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A Qatar Airways-painted Boeing 787-9 Dreamliner on a test flight. This aircraft regularly operates Qatar’s flight from Doha to Lagos, Nigeria. (Photo: AirlineGeeks | Katie Bailey)

Qatar Airways Eyeing Stake in RwandAir

Two months after taking a 60 percent stake in the newly constructed Kigali’s Bugesera International Airport in Rwanda, an airport that will accommodate 10 million passengers yearly, Qatar Airways is now negotiating for a 49 percent stake in RwandAir.

This news was first announced by Qatar Airways CEO Akbar Al-Baker speaking on the sidelines of an aviation summit on Feb 5 in Doha.

“We are tough negotiators… we will take our time to negotiate,”said Al Baker as he expressed his confidence in reaching an agreement for the state-owned airline.

Al-Baker also went on to add: “The attraction of Kigali is its location, the stability of the country and the very favorable business environment that exists in that country.”

According to Reuters, RwandAir CEO Yvonne Manzi Makolo confirmed there were talks with Qatar Airways to sell stakes to the giant airline declining to comment further on details of the extent of the ongoing negotiations.


Since 2017, Qatar Airways has had to deal with restrictions imposed by its neighboring Gulf states that include Saudi Arabia and the UAE among others following a regional political dispute forcing Qatar Airways to follow a longer route while offering its services to avoid the banned airspace.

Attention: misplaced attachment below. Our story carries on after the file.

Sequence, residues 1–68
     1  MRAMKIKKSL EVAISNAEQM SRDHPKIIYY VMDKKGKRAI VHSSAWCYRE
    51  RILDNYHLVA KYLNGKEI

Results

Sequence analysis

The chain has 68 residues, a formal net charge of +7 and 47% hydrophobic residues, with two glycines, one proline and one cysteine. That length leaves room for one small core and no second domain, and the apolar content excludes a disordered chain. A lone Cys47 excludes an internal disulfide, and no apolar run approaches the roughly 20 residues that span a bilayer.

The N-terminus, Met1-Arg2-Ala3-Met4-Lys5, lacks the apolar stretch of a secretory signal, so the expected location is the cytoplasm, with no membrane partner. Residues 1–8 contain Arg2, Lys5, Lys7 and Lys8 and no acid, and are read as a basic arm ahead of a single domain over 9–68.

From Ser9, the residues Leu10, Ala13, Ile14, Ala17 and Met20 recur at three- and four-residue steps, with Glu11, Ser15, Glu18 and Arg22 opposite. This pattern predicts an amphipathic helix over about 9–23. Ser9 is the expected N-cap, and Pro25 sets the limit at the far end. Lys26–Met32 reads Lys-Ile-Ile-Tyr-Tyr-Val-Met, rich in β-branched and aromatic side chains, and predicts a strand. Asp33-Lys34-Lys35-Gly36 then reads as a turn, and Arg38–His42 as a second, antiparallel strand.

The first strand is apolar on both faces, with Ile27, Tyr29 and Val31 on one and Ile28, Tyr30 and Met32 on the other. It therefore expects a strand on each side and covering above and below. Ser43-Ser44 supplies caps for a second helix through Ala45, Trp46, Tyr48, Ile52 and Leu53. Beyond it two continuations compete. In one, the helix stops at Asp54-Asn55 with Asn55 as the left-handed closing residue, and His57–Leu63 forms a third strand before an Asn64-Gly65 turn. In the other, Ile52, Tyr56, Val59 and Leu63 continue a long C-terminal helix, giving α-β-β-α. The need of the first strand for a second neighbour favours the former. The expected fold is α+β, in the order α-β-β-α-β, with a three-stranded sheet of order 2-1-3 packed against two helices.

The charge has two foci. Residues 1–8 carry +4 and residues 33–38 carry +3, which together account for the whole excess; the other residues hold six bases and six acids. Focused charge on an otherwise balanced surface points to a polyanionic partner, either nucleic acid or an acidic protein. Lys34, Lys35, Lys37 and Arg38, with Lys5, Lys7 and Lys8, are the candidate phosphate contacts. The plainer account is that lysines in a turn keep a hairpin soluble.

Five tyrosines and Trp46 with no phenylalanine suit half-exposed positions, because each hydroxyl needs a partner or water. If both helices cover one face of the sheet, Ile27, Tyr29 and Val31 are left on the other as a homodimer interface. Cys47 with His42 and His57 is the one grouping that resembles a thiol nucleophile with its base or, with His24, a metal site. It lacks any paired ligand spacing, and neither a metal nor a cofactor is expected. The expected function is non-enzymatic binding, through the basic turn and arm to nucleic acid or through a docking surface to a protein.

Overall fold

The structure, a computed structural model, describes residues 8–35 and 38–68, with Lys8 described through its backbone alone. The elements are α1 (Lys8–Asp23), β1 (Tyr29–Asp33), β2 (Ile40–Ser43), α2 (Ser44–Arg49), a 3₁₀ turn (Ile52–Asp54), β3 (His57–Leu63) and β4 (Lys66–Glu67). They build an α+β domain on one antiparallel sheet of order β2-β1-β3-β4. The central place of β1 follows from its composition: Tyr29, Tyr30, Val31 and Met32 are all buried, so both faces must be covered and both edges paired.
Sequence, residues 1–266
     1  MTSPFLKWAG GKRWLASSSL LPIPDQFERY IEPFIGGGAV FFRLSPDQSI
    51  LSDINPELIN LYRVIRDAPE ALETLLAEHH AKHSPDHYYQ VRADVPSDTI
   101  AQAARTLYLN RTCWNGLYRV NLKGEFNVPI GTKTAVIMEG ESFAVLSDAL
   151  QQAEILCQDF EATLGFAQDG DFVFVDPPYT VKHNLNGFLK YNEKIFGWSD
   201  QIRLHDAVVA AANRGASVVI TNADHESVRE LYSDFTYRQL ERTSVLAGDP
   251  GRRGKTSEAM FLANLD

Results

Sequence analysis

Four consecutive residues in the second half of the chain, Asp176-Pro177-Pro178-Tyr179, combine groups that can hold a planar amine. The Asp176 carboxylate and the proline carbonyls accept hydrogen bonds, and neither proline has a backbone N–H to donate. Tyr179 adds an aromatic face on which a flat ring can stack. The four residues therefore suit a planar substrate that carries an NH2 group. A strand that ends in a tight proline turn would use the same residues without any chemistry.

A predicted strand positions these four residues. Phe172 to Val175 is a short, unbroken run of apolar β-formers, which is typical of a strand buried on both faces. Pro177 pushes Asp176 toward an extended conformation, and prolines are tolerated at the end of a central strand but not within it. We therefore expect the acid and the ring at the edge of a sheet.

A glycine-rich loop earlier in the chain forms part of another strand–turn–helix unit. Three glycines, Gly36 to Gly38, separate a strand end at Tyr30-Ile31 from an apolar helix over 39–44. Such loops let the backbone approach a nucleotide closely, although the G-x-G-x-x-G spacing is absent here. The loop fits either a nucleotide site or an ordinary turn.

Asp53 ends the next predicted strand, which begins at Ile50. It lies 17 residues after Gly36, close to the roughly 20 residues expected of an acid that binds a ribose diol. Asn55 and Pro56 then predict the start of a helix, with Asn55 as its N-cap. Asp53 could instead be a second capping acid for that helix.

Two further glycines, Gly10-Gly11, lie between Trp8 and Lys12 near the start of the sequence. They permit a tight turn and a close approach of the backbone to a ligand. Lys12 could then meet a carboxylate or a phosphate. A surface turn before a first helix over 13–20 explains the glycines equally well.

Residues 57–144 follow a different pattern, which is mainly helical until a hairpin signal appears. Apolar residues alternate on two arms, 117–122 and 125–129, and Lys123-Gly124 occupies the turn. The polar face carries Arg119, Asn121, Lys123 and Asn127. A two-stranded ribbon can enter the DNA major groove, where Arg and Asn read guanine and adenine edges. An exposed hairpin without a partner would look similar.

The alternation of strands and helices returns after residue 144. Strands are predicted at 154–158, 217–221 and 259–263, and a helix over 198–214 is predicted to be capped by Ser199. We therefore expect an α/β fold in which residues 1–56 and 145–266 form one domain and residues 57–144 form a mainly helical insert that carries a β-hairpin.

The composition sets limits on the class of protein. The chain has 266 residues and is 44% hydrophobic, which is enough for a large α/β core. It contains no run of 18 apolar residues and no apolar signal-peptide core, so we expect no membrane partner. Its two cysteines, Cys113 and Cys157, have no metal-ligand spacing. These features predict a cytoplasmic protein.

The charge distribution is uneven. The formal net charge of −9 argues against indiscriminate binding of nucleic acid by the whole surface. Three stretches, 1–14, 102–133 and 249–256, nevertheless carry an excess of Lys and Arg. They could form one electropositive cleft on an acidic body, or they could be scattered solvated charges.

However, since the ban does not necessarily apply to non-Qatari airlines, the idea of acquiring a stake in RwandAir will widen the Qatari airline’s reach in the African aviation market and also potentially helping it bypass restrictions imposed on it by its neighboring Arab states.


The African airline operates a fleet of 12 aircraft offering service to 29 cities in Africa, the Middle East, Europe and Asia. It recently started flights to Guangzhou, China and is currently readying for new routes to the U.S.

The airline is in its 11th year running having not registered any profit since it first commenced operation back in 2009.

The airline has been surviving on state subsidies that total to just over two percent of the country’s total GDP, keeping in mind the country’s per capita income is around $800 and has a total GDP of $10 billion. The airline is reportedly used by the national government to facilitate tourism growth that grows at an annual rate of 9.66 percent.

The deal with Qatar Airways will provide for a strategic and technical partner for the Kigali-based airline as well as providing financial support that will, perhaps, increase RwandAir’s capacity to compete in the region.

Growth Structure

With a fleet of over 250 aircraft, Qatar Airways has also invested in major airlines, buying stakes in Hong Kong-based Cathay Pacific, China Southern Airlines and International Airlines Group (IAG). It is now aiming to double its shares in LATAM. Right now, Qatar Airways owns a 10 percent stake in South America’s largest carrier.

“In Africa, there is big demand for air travel and today, Africa is very poorly connected so we always look for opportunities in our field for investment,” said Al Baker.

According to IATA, the African aviation market is among the fastest-growing aviation market sitting second at a 4.6 percent annual growth rate after the Asia-Pacific at 5.2 percent.

Victor Shalton
Victor Shalton
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